TVNZ has launched the Facebook page for Seven Sharp today, and in a master stroke of social media-ing, the new current affairs show already has over 30,000 likes.
The incredible social ascent wasn't the work of any technological hi-jiinks, says TVNZ spokesperson Stephanie Taylor. The network merely repurposed the page (and likes) of the programme's predecessor, Close Up.
"We spoke to Facebook about our decision to change the page over, and it was agreed that as Seven Sharp is a continuation of our 7pm current affairs programming, the change was appropriate," says Taylor.
Where Close Up attempted to be a hard nosed (and bristly moustached) current affairs programme, TVNZ has signalled Seven Sharp will be a more lighthearted (and younger-skewed) take on the day's news. So is it fair for TVNZ to assume Close Up fans will automatically be Seven Sharp fans?
The issue is TVNZ does not disclose on Seven Sharp's page that it is the old Close Up page. If someone were to stumble upon it following the show's premiere on 4 February, they'd assume Seven Sharp was incredibly popular. Advertisers who are increasingly placing an importance on a programmes ability to bring in the audience on and off the TV might be mislead by the figure on Seven Sharp's page, unaware that the show's fans might never have actively signed up to be labelled as such.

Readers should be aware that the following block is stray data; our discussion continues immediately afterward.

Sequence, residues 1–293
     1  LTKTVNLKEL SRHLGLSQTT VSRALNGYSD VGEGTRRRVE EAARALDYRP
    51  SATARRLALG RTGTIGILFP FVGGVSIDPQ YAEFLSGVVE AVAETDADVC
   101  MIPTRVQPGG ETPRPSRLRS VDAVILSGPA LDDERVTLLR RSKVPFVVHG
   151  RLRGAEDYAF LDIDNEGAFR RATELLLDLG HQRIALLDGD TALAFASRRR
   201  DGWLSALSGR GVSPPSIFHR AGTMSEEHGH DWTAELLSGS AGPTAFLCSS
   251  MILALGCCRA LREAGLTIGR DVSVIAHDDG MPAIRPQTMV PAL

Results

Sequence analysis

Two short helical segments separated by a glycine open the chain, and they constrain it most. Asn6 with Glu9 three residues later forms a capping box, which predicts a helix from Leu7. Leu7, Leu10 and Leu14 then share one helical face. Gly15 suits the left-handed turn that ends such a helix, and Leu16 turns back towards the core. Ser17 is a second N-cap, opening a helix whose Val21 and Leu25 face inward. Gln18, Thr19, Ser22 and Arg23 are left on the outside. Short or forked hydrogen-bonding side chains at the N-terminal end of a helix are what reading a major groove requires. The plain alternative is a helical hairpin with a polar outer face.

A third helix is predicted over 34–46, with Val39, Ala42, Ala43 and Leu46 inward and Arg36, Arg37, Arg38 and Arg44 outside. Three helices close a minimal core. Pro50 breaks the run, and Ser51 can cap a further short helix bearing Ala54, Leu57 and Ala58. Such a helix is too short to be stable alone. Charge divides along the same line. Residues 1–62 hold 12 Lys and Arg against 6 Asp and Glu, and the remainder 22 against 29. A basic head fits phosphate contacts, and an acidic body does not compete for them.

Updated 5:30pm: Social Media NZ founder John Lai says repurposing an old Facebook page is very common, and this form of "digital recycling" is especially prevalent among larger brands.
He doesn't think the procedure is unethical, but says brands should communicate these kinds of changes transparently.
"If there's advanced warning from the old page letting the users know what the page is to become, then that is fine as it gives people the option to unlike the page. It's a same concept as a new shop with new branding," says Lai.
"Common sense in the real world works wonders in the offline world too."
NZ Herald media commentator John Drinnan doesn't seem very impressed with the whole situation, tweeting that anything less than a full disclosure would be tantamount to lying.
@hdpanews 31,421 "likes" within an hour - amazing!— John Drinnan (@Zagzigger) January 18, 2013
TVNZ says if Seven Sharp's new fans feel Shanghai'd they're always free to unlike the show.
So social media gurus, ninjas, and unicorns of Stoppress - what's your gut feeling on this? Is TVNZ acting ethically in repurposing the Close Up page? Is there a line where it is appropriate and not appropriate to use this path?